ומי יגיד לנו דברי חכמה בארוחה זו? שלמה המלך! שלמה המלך יגיד לנו דברי חכמה, משה רבנו יאמר לנו דברי תורה, יין המשומר נשתה , שור הבר לוויתן נאכל, בארוחה זו

ומי ינגן לנו בארוחה זו? דוד המלך! דוד המלך ינגן לנו, דבורה הנביאה תרקד לנו, שלמה המלך יגיד לנו דברי חכמה, משה רבנו יאמר לנו דברי תורה, יין המשומר נשתה , שור הבר לוויתן נאכל, בארוחה זו

ומי ישמח איתנו בארוחה זו? כל המסובין! כל המסובין ישמחו איתנו, דוד המלך ינגן לנו,  דבורה הנביאה תרקד לנו, שלמה המלך יגיד לנו דברי חכמה, משה רבנו יאמר לנו דברי תורה, יין המשומר נשתה , שור הבר לוויתן נאכל, בארוחה זו

The person who was playing the piano at six o’clock in the morning at the Mittag-Leffler institute was not King David, but rather

Posted in Music, Poetry | Tagged | 7 Comments

## QSTART

Physics, Computer Science, Mathematics, and Foundations’
views on quantum information

Inauguration conference for the Quantum Information Science Center (QISC),
Hebrew university of Jerusalem

Update: The news of our conference have made it to a big-league blog.

Update (July 2013): QStart was a very nice event- there were many interesting talks, and the speakers made the effort to have lectures accessible to the wide audience while discussing the cutting edge and at times technical matters.Streaming video of the talks is now available.

## Test Your Intuition (19): The Advantage of the Proposers in the Stable Matching Algorithm

### Stable mariage

The Gale-Shapley stable matching theorem and the algorithm.

GALE-SHAPLEY THEOREM Consider a society of n men and n women and suppose that every man [and every woman] have a preference (linear) relation on the women [men] he [she] knows. Then there is a stable marriage, namely a perfect matching between the men and the women so that there are no men and women which are not matched so that both of them prefer the other on their spouces.

Proof: Consider the following algorithm, on day 1 every man goes to the first woman on his list and every woman select the best man among those who come to her and reject the others. On the second day every rejected men go to the second woman on his list and every woman select one man from all man that comes to her (including the man she selected in the previous day if there was such a man) and rejects all others, and so on. This process will terminate after finitely many days and with a stable marriage! To see that the process terminate note that each day at least one man will come to a new women, or go back home after beeing rejected from every women (n+1 possibilities) and none of these possibilitie will ever repeat itself so after at most $n^2+n$ days things will stabilize. When it terminates we have a stable marriage because suppose women W and men M are not married at the end. If M is married to a women he prefers less then W or to no women at all it means that M visited W and she rejected him so she had a better men than M.  Sababa!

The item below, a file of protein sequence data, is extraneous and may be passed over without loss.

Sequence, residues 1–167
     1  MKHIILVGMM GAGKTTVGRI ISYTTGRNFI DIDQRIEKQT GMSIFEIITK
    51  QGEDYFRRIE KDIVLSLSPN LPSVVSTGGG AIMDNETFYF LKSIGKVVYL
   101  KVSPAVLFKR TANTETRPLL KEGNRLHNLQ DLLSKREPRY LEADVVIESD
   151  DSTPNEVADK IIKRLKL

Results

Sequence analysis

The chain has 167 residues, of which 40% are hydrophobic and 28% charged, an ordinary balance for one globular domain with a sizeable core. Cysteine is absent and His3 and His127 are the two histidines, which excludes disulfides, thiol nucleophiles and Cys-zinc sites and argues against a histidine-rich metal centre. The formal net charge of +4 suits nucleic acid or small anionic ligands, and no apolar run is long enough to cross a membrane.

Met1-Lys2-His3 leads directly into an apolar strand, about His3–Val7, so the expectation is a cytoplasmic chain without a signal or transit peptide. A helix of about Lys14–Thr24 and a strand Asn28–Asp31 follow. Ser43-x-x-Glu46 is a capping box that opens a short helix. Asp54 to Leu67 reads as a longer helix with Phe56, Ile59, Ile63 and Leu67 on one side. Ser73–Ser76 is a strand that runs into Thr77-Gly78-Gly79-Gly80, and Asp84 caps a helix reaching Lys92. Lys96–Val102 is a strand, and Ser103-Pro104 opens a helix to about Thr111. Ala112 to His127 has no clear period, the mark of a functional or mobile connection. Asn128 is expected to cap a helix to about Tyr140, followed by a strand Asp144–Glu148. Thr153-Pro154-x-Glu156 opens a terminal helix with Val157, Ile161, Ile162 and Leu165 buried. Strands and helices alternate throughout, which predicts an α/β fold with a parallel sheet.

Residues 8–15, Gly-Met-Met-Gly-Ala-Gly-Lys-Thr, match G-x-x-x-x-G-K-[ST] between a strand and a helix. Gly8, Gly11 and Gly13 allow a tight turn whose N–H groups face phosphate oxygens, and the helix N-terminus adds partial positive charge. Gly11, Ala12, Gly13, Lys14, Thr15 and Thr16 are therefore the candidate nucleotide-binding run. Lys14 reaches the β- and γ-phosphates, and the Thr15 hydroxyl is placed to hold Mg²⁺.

It turns out that the above algorithm where the men are proposing and being rejected is optimal for the men! If a man M is matched to a woman W then there is not a single stable marriage where M can be matched to a woman higher on his list. Similarly this algorithm is worst for the women. But by how much?

### Random independent preferences

Question 1:  There are n men and n women. If the preferences are random and men are proposing, what is the likely average women’s rank of their husbands, and what is the likely average men’s rank of their wives.

You can test your intuition, or look at the answer and for a follow up question after the fold.

## Test Your Intuition (18): How many balls will be left when only one color remains?

(Thanks to Itai Benjamini and Ronen Eldan.) Test (quickly) your intuition:  You have a box with n red balls and n blue balls. You take out balls one by one at random until left only with balls of the same colour. How many balls will be left (as a function of n)?

1) Roughly  εn for some ε>0.